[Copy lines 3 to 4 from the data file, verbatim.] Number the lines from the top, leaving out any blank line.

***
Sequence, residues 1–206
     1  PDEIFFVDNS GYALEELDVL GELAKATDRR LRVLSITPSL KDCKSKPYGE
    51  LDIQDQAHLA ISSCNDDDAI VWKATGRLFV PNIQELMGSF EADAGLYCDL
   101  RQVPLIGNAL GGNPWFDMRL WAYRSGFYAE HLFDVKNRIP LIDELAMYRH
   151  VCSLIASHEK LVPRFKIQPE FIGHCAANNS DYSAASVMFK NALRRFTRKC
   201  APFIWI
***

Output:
    51  LDIQDQAHLA ISSCNDDDAI VWKATGRLFV PNIQELMGSF EADAGLYCDL
   101  RQVPLIGNAL GGNPWFDMRL WAYRSGFYAE HLFDVKNRIP LIDELAMYRH